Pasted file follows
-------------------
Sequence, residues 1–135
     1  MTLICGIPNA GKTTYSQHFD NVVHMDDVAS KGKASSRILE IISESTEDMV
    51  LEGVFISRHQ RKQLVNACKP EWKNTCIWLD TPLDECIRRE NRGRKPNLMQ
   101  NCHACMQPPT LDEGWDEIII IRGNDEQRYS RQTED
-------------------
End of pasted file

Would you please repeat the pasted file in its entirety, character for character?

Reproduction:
Sequence, residues 1–135
     1  MTLICGIPNA GKTTYSQHFD NVVHMDDVAS KGKASSRILE IISESTEDMV
    51  LEGVFISRHQ RKQLVNACKP EWKNTCIWLD TPLDECIRRE NRGRKPNLMQ
   101  NCHACMQPPT LDEGWDEIII IRGNDEQRYS RQTED